JEP: Peace begins right down the street at Norwood Elementary
A $325,000 state grant awarded in March will fund a three-year project called Peace Games, a comprehensive peace and justice education program that teaches and supports students to be peacemakers.
Whether engaging children in games that help them resolve problems without rancor or helping organize a photo essay depicting the University Park neighborhood, USC students are as integral to the project as the K-5 students they will teach.
Undergraduates in the peace and conflict class taught by international relations professor Laurie Brand will receive academic credit for teaching youngsters to resolve conflicts peacefully, said Richard Cone, director of USC’s Joint Educational Project.
JEP, Norwood, the Southwest Division of the Los Angeles Police Department and a number of community organizations, clinics and health providers collaborated on the grant application, "providing an excellent example of how university-community partnerships can and should work," Cone said. "We are currently working with a small-scale summer project to test the program using available USC students." The program will be officially launched in the fall.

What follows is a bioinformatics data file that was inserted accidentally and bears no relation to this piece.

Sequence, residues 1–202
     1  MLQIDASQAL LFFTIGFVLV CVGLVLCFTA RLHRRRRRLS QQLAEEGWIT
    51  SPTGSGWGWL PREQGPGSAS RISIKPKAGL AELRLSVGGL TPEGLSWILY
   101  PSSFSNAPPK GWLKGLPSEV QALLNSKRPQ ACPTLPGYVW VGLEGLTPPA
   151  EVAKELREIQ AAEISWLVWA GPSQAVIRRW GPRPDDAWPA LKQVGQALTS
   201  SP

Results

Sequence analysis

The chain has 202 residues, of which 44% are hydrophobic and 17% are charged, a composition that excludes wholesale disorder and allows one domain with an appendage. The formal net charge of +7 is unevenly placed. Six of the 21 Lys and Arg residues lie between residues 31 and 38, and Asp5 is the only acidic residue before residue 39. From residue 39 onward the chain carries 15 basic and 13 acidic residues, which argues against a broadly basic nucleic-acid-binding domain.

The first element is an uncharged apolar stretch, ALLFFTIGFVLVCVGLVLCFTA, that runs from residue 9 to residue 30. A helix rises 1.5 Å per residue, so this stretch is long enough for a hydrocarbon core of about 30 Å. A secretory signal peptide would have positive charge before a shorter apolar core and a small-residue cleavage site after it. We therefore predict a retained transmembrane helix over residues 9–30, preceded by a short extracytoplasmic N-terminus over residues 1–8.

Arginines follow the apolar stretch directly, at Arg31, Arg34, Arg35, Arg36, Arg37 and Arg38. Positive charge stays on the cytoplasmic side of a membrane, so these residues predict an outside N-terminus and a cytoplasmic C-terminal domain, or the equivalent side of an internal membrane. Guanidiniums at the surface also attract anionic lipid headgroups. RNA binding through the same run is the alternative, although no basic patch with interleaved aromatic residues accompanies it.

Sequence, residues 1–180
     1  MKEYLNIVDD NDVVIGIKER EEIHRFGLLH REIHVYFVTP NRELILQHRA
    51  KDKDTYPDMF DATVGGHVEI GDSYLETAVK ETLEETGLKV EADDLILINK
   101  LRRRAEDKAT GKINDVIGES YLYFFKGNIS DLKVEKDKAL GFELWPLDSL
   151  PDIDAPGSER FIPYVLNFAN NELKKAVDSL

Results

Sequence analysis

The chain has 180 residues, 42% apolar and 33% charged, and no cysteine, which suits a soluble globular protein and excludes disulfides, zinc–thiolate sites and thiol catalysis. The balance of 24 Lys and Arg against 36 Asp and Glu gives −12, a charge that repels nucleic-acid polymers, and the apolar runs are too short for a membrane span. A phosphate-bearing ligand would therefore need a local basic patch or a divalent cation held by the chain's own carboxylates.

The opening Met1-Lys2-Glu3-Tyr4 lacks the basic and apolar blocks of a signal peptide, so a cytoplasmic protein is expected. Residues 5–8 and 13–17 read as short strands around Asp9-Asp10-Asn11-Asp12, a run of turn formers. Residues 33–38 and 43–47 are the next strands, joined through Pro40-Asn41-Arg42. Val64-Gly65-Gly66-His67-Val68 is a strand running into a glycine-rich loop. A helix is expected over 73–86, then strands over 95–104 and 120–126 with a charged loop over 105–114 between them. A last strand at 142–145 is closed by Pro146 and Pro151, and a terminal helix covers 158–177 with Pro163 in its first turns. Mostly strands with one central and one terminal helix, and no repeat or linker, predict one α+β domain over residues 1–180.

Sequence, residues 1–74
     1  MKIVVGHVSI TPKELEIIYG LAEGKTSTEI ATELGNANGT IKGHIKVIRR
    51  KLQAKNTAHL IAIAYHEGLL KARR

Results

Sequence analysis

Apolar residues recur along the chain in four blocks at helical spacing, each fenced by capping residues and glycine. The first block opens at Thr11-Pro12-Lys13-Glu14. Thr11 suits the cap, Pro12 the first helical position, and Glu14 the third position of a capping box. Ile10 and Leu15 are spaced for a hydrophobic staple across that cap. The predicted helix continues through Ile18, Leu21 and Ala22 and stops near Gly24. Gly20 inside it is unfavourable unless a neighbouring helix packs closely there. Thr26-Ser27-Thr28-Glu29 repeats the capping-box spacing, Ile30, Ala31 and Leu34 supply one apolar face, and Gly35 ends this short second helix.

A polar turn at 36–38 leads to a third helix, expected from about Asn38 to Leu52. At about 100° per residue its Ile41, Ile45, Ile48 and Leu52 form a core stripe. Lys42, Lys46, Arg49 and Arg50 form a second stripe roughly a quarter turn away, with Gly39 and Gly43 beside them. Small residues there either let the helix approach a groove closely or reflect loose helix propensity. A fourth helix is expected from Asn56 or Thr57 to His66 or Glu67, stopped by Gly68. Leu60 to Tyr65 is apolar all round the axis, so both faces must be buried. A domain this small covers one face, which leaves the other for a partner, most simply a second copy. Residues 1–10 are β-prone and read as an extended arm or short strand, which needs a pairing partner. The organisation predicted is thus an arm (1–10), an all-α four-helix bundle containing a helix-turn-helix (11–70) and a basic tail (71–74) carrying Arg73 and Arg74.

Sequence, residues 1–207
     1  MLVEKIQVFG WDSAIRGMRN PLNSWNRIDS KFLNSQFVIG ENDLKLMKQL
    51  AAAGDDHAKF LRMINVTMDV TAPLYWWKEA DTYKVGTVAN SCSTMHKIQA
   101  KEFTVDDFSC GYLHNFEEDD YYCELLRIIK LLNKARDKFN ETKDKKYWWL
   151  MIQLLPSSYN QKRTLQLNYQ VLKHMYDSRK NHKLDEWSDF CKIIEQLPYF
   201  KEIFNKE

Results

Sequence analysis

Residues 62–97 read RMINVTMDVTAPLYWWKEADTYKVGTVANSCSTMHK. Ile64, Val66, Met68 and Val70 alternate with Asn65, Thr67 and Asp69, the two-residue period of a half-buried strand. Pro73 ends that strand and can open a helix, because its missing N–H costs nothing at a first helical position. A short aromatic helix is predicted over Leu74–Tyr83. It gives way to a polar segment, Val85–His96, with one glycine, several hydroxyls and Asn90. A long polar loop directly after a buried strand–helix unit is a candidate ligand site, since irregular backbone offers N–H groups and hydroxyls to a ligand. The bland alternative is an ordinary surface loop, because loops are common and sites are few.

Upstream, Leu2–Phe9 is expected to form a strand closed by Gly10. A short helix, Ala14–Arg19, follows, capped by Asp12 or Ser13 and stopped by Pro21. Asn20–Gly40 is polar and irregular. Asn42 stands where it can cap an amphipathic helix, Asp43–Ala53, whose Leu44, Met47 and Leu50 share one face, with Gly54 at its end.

Participation in the project will link USC classrooms to the real world, increasing, for example, a student’s ability to compare peace attempts in Kosovo and other parts of the world with peace efforts at the local level, Cone said.
"If students do not understand how they can contribute to peace at Norwood, what can they hope to understand about the Middle East or Bosnia?" he asked. "Through their participation in this program, they just might be able to positively impact a child’s life, as well as their own."
The large number of college volunteers who will commit to teaching the Peace Games curricula at Norwood was one reason state officials gave the grant to the school, said acting Principal Frances Goldman.
"We wouldn’t have received the grant to fund Peace Games without USC’s participation," Goldman said. "The grant explicitly requires collaboration with local law enforcement, officials, educational institutions and the larger community."
Norwood, a Family of Five school with a diverse student population, has recently been "plagued with issues surrounding bullying," said Naya Bloom, director of Norwood’s Healthy Start Program. "So we applied to become a Peace Games school. We need a new way to treat each other, starting in the classroom and traveling out to the community."
The money will also be used to expand USC’s Kid Watch program.
"To increase the presence of Kid Watch in the school and neighborhood, we’ve put in some monies to hire extra community folks to recruit, train and recognize new Kid Watch members," Bloom said. "We want to develop our present capacity to bring the Kid Watch program to children and the whole community at large. The idea is to transform how we are looking at policing and bring it more into a community forum."